Michael Whitaker Confirmed as FAA Head Amidst Safety and Staffing Concerns

On Tuesday, the U.S. Senate unanimously approved President Joe Biden's nominee, Michael Whitaker, to lead the Federal Aviation Administration (FAA). This comes as the FAA grapples with issues related to near-miss safety incidents and air traffic control staffing shortages. The FAA has been without a permanent leader for over 18 months following the withdrawal of a previous nominee.


Whitaker, who previously served as the deputy FAA administrator, is expected to assume his new role as early as Wednesday, according to Katie Thomson, the current second-in-command at the FAA. Whitaker has emphasized the need for the agency to address the ongoing shortage of air traffic controllers and reduce near-miss airplane incidents to zero. The National Transportation Safety Board is currently investigating seven runway incursion events that have occurred since January, including a near collision between a Southwest Airlines Boeing 737 and a Cessna Citation 560X business jet in San Diego. Thomson revealed that the FAA is anticipating a report from an independent safety review team appointed in April to explore ways to enhance air safety following a series of close calls.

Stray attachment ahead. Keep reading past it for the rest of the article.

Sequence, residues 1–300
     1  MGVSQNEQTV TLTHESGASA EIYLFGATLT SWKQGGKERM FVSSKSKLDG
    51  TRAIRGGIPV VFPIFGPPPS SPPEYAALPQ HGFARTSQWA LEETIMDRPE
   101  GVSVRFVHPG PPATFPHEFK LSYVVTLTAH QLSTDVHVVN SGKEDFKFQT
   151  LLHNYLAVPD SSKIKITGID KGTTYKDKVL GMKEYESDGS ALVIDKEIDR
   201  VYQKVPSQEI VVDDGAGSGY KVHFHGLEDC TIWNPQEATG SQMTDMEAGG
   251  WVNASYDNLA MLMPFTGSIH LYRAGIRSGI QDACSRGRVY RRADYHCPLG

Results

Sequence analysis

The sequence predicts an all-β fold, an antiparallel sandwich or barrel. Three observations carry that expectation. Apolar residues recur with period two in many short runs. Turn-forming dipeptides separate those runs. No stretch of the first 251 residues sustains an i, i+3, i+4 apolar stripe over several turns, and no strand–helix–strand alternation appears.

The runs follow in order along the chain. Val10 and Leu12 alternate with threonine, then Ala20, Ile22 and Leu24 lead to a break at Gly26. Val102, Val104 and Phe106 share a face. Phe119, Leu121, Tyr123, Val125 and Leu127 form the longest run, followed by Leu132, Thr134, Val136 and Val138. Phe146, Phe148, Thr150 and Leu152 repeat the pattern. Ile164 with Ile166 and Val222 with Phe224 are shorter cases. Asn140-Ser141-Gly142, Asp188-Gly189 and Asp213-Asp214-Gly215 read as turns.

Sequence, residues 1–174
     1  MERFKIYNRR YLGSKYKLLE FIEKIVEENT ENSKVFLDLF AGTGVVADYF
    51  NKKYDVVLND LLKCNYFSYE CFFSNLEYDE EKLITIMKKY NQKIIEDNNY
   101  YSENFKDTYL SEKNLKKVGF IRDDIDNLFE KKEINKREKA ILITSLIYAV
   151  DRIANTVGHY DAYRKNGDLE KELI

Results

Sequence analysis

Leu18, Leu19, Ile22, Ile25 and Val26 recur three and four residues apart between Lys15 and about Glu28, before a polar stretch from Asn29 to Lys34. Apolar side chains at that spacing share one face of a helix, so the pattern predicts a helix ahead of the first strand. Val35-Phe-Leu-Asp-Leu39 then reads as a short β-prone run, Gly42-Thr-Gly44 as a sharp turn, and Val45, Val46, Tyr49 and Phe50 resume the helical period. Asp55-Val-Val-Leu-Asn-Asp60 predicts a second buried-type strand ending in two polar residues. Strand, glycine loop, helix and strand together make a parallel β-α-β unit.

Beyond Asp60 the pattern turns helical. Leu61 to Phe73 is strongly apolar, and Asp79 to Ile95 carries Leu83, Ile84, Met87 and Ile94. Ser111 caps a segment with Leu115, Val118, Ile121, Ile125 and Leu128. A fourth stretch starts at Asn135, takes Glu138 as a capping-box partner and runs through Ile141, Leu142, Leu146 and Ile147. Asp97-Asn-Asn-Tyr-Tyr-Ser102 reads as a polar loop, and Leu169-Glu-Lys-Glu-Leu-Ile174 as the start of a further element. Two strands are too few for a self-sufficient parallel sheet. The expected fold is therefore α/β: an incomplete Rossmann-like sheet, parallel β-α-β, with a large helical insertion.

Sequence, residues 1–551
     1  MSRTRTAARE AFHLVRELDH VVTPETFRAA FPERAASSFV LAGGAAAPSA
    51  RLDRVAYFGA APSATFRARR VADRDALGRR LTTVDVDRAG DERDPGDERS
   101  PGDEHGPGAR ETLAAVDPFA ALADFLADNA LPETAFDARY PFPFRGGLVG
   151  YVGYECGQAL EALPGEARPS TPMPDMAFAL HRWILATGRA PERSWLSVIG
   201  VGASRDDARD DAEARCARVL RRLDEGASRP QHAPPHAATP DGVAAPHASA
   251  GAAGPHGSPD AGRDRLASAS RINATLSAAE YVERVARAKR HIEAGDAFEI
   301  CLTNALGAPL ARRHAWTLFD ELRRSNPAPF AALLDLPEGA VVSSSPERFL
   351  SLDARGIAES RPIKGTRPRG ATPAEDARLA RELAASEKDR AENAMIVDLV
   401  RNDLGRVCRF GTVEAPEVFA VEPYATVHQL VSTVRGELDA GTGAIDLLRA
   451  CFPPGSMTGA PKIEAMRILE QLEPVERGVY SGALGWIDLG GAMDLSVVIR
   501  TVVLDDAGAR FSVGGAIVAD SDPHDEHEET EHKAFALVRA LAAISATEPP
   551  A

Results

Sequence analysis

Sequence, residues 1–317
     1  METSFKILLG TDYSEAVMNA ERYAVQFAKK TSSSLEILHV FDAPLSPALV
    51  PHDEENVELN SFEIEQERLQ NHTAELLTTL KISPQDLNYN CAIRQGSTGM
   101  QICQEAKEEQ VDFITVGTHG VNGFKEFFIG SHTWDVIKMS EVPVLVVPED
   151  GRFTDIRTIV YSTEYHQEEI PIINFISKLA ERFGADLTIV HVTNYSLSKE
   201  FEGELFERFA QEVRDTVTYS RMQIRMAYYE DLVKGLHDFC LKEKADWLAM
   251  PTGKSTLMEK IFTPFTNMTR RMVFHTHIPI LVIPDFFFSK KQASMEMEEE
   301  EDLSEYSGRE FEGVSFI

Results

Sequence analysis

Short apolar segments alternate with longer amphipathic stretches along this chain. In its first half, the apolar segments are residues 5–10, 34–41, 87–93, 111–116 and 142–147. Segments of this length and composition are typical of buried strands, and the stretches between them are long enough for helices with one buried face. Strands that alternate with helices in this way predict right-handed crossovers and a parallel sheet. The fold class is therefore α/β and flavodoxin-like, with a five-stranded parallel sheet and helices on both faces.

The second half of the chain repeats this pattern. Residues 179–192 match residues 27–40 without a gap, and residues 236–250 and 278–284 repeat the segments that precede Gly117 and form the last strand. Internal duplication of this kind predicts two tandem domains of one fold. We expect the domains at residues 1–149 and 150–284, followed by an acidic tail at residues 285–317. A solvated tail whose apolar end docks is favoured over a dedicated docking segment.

Save Money 728x90

In September, the FAA announced its decision to extend reductions in minimum flight requirements at busy New York City-area airports until October 2024. Staffing at New York Terminal Radar Approach Control is currently only at 54% of recommended levels, leading to increasing frustration among U.S. airlines regarding air traffic control staff shortages. A government watchdog reported in June that critical air traffic facilities are facing significant staffing challenges, which pose risks to air traffic operations. To compensate for these shortages, controllers at several facilities are working mandatory overtime and six-day weeks.


One of the challenges Whitaker will confront is the certification of a new Boeing 737 MAX model. Whitaker has stated that he was not involved in the certification of the Boeing 737 MAX during his tenure as deputy FAA administrator. The aircraft was grounded globally for 20 months following two fatal 737 MAX crashes that resulted in 346 deaths. Boeing is currently awaiting FAA certification for the 737 MAX 7, a smaller version of their best-selling aircraft. However, Boeing announced in July that the first delivery of the MAX 7 has been postponed until 2024.

ANJ Hotels

Post a Comment

Previous Post Next Post

1 / 3
2 / 3
3 / 3
EN - 728x90